Eye Discharge

What Causes Mucus in My Eyes?

Woman rubbing her eyes
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Most of us have awoken with mucus in our eyes at some point in our life. Often referred to as “sleep” in the eyes, it is actually fairly normal to wake up with a bit of eye gunk in the morning. When we sleep, our tear production is less than it is during the day. In addition, we are not blinking throughout the night. As a result, dried tears solidify and collect in the corners of our eyes, and is easily removed with the brush of a finger.

 However, when excessive amounts of mucus collect in our eyes or if we wake up with our eyelids actually stuck together, it may be a sign of a more serious eye condition that requires intervention. The following conditions tend to produce mucus discharge from the eyes that may need medical treatment:

Bacterial conjunctivitis - This type of conjunctivitis can cause you to wake up with your eyelids completely stuck shut. You may need to place a warm washcloth on the eyes just to get them open. Bacterial conjunctivitis can cause continuous mucus to be produced throughout the day and tends to be darker in nature, usually yellow or green in color. This type of conjunctivitis can occur along with certain upper respiratory illnesses. Although not usually extremely contagious, it can be depending on the type of bacteria involved.

Viral conjunctivitis - Viral conjunctivitis can be extremely contagious in nature and the symptoms can often last for weeks at a time.

The discharge that occurs with a viral conjunctivitis tends to be more yellow, or even clear. It can cause a variety of symptoms such as eyelid swelling, redness and a foreign body sensation.Vision may become blurry after a week of having viral conjunctivitis. If symptoms occur for more than a few days, see your eye doctor.

Allergic conjunctivitis - Usually eye allergies cause white, stringy mucus discharge and a lot of associated tearing and itching. Mild allergies are not a big concern but some people are susceptible to more severe forms of allergic conjunctivitis such as vernal keratoconjunctivitis (VKC). VKC tends to occur in warmer climates and in younger males and can cause them to be very miserable. VKC can also cause more severe symptoms, decreased vision and even scarring.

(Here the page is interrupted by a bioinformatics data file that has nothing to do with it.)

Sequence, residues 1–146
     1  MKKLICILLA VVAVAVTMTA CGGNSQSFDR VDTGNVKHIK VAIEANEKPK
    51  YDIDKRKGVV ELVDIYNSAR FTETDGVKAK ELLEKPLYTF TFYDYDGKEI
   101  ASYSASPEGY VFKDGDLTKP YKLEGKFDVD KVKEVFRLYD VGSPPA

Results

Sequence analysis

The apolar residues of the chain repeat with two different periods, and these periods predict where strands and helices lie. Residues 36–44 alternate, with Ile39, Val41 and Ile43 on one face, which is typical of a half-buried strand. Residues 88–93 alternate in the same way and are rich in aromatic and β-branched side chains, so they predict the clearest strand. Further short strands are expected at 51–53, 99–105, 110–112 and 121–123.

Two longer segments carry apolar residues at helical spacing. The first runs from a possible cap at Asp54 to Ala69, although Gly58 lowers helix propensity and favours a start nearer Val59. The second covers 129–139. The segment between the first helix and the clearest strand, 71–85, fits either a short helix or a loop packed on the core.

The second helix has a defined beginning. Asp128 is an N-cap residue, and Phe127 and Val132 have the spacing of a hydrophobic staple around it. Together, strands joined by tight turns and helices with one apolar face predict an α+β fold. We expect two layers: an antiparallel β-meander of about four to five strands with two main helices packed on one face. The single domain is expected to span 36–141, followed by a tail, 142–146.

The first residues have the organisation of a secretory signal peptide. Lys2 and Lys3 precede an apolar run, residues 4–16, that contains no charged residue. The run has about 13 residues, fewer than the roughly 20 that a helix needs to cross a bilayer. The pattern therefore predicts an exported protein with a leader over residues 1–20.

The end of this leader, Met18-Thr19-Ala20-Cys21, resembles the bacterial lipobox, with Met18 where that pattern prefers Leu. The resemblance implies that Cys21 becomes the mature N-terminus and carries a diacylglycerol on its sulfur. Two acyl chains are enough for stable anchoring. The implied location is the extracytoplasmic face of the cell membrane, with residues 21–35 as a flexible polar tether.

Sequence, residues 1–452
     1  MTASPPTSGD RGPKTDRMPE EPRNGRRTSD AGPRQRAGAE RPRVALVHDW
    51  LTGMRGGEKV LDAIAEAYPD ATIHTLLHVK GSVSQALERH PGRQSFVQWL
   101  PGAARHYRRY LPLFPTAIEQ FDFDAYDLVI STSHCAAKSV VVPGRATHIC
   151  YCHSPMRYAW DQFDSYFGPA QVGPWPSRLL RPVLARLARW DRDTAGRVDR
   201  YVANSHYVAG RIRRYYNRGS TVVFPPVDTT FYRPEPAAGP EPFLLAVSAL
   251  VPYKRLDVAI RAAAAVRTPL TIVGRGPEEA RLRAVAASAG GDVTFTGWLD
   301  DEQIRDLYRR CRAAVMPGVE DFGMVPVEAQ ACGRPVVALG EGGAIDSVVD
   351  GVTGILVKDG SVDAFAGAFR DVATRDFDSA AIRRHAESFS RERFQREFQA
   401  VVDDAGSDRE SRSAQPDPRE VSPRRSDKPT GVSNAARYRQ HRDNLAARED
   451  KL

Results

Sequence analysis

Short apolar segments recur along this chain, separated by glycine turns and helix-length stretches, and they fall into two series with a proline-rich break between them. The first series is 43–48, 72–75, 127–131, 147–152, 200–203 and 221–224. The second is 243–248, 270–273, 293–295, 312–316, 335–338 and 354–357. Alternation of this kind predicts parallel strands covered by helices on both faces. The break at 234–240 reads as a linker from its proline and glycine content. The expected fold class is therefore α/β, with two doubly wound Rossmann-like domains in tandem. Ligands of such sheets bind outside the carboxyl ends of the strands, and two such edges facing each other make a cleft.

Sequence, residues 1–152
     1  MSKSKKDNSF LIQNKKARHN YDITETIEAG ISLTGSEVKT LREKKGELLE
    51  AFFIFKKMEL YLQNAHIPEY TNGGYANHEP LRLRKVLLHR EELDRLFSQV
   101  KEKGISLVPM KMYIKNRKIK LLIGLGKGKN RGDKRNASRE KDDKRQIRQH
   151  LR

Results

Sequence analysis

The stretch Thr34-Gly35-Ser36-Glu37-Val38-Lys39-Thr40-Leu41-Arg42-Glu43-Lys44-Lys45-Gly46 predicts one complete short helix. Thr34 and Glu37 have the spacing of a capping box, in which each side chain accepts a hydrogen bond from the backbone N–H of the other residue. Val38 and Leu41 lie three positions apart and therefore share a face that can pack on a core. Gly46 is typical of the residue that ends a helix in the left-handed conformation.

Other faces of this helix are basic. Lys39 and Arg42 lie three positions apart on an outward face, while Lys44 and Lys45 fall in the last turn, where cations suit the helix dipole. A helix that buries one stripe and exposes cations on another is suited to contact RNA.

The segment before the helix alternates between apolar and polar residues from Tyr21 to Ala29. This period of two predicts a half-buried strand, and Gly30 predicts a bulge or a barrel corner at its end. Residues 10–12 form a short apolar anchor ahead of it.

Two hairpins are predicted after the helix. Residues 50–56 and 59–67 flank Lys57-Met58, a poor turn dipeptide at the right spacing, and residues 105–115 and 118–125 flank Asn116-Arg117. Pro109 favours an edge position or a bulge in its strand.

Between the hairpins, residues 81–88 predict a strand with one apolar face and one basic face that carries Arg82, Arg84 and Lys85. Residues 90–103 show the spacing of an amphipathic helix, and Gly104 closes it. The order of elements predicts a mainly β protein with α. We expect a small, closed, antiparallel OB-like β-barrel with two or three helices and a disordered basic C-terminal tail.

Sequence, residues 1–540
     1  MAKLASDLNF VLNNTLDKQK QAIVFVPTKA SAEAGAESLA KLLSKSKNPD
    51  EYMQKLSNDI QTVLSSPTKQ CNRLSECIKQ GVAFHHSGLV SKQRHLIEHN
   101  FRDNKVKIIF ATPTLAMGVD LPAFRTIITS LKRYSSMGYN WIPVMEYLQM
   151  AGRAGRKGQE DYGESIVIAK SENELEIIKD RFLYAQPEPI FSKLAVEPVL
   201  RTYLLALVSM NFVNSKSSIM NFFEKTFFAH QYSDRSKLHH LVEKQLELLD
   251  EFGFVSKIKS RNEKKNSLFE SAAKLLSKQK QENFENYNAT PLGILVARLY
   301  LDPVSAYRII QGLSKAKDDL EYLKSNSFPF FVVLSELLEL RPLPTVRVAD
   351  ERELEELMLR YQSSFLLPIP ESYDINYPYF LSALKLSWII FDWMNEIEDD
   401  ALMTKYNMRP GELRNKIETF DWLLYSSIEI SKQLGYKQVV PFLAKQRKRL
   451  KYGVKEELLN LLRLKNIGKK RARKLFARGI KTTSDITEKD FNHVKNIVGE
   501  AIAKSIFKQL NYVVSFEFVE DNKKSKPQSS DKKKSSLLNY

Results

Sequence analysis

Giant papillary conjunctivitis - Often referred to as GPC, giant papillary conjunctivitis occurs mostly in contact lens wearers. It mimics allergic conjunctivitis to a degree but is more of an immune reaction to certain proteins that become bound to the surface of the contact lens itself. Some researchers think that it is also caused by having a contact lens in the eye most of the hours of the day. People tend to forget that a contact lens is actually a foreign body in the eye. 

Blocked tear duct - The tears are drained from the eye by the lacrimal system in the corner of the eyes. When this gets blocked, an infection can occur and cause excess tearing and mucus discharge to collect in the corners of the eyes.This is common in infants and usually spontaneously resolves on its own.

It can also develop in adults and may require surgery to correct.

Blepharitis - Blepharitis is an infection and inflammation of the eyelid margins. It is caused by bacteria that we all tend to have on our skin but in some people it proliferates on the eyelids either due to lack of good hygiene or secondary to common skin types or skin conditions such as rosacea or psoriasis. Blepharitis can cause redness, a sandy, gritty feeling in the eyes, and mucus discharge from the eye. Blepharitis can involve the meibomian glands along the eyelids. When these glands are inflamed, the eye may produce abnormal oil production and foamy discharge from the eye.

Dry eye syndrome - The tears are much more complex than most people think. They contain many different minerals, vitamins and enzymes. They are also mainly composed of water, mucus and oil. When someone has dry eyes from a lack of the aqueous or water component in the tears, all that is left over is mucus and oil. In dry eye patients, this tends to accumulate in the corner of the eyes during the night.

Source:  Holland, Edward, Mark Mannis and Barry Lee. Ocular Surface Disease: Cornea, Conjunctiva and Tear Film, May 2013, Elsevier, Inc.

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